Once I started working in social care, I could regularly see the career opportunities available such as clinical lead, deputy manager, home manager and regional manager. Social care opens a lot of doors to opportunities, which I would not have been aware of if I hadn’t started working in that sector. There are also a lot of development opportunities as a qualified adult nurse. All my training was focused on adult nursing but in social care, I got the opportunity to learn about mental health too.
Working in social care empowered me as a nurse and helped me learn about various conditions and assessments such as moving and handling equipment, assessments of mobility and responding to emergencies. There are also a lot more development opportunities available than in other roles I’ve had, which usually only senior staff members or specialist teams were able to access. Skills like completing audits, supervisions and moving and handling assessments for equipment. These are good opportunities to learn transferable skills in a supportive environment.
I had heard a few negative assumptions about the care sector and they were all wrong. It’s just not true that you de-skill and that people only work there at the end of their career. My advice to anyone considering a role in nursing is to not limit themselves. Look for opportunities outside the usual pathways and don’t let negative assumptions impact your journey.
Why don’t you think about becoming a social care nurse champion in Leeds, to promote the work you do as well as the great career prospects?
Do you work in a care home or social care setting as a nurse? Would you like to share your experience and encourage others to work in the sector?
So, what does it mean?
The role of a champion in health and social care is an essential one. Being a social care nurse champion will ensure that local services continue to improve, which is key to facilitating the changes that will improve the standard of living of those who benefit from them.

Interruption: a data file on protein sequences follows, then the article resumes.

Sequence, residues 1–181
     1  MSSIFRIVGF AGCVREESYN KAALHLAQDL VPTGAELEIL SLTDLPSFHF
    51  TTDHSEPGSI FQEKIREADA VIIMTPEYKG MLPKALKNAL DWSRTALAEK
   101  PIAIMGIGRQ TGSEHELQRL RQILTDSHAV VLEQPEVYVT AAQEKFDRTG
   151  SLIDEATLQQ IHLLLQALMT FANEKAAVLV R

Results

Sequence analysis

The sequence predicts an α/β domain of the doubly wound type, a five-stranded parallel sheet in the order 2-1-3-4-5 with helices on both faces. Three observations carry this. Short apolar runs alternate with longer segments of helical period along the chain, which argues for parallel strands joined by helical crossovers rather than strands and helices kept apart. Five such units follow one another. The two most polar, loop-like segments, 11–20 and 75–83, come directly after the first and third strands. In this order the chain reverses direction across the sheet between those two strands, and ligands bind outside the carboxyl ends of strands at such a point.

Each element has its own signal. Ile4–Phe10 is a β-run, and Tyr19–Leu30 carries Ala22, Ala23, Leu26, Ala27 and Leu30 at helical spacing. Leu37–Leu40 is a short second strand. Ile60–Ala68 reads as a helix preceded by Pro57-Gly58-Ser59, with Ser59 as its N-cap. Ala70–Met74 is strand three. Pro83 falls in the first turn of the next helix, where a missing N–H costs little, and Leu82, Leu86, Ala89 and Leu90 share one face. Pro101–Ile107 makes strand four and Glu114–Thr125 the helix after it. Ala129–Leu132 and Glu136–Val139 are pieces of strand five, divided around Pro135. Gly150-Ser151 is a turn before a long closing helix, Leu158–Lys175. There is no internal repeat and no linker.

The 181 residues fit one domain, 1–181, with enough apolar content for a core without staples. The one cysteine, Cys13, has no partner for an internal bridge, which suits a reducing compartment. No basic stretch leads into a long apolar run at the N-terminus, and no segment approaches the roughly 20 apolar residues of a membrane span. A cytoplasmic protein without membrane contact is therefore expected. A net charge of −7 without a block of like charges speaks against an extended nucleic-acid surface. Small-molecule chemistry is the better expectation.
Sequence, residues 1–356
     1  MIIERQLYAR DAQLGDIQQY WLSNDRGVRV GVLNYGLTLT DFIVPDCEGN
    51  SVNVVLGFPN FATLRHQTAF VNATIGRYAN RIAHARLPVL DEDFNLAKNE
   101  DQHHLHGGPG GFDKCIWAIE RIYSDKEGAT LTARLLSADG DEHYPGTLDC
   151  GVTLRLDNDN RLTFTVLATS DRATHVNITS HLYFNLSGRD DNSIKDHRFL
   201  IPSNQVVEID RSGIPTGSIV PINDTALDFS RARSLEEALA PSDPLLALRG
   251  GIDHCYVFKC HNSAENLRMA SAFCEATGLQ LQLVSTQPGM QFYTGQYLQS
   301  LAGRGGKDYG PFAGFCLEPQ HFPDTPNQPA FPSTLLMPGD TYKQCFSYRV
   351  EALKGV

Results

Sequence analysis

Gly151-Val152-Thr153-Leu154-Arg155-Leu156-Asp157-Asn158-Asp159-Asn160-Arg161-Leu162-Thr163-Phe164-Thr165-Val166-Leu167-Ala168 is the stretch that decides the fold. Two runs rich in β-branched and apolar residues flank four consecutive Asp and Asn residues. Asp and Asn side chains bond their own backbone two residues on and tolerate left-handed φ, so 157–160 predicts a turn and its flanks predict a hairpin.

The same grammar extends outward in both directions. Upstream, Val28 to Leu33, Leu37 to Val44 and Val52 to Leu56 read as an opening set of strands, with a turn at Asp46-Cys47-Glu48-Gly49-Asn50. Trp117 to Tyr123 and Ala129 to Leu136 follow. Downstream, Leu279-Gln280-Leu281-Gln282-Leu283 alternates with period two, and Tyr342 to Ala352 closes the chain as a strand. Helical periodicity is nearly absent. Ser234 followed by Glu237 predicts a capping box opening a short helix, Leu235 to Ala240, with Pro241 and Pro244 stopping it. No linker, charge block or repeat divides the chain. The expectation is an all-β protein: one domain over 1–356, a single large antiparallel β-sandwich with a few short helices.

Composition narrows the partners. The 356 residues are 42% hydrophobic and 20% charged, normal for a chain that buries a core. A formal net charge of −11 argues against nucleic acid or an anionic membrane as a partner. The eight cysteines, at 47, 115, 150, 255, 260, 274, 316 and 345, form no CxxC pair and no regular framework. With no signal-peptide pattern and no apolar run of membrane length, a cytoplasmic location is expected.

Nurse champions encourage others who have not yet considered pursuing a nursing career within the sector by sharing positive examples of their own and in turn, help in raising the general profile of social care nursing.
In raising the profile of nursing in the sector, nurse champions are doing their bit to improve the flow of nursing talent through health and social care services in their local area and this will reflect in the quality of care that will be delivered across the various care settings.
We’re looking for nurse champions to support trainee nurses and engage with those who may not yet be aware of how much of a rewarding and exciting career awaits them within health and social care in Leeds.
Please get in touch to see how you can get involved.
Training & Learning Opportunities
Lead to Succeed
This programme will support delegates to further develop their leadership and management potential through understanding how successful behaviour and practical strategies can support them in their day to day work, as well as considering how they could implement these, now and in the future.
The programme is grounded in the reality of social care delivery and has been developed in partnership with registered managers familiar with the day-to-day challenges of leading a care team. It is made up of a series of practical workshops, the programme is designed to enable leaders to deliver care and support services in line with expectations of a well-led service.
ACAS Essential Line Manager Skills
The series of ACAS courses can either be taken as standalone courses, both full days and half days, or as a complete modular programme, delivered over five days.
The programme will cover, as required:
- Learn to communicate effectively
- What does a good boss look like?
- Be a leader and delegate responsibly
- Motivate your people
- Deal with issues – have difficult conversations!
- Discipline and Grievance
- Increase performance and productivity
- Deal with absence
For more information relating to the above training courses or for other training related opportunities within the health and social care sector in Leeds, please contact us.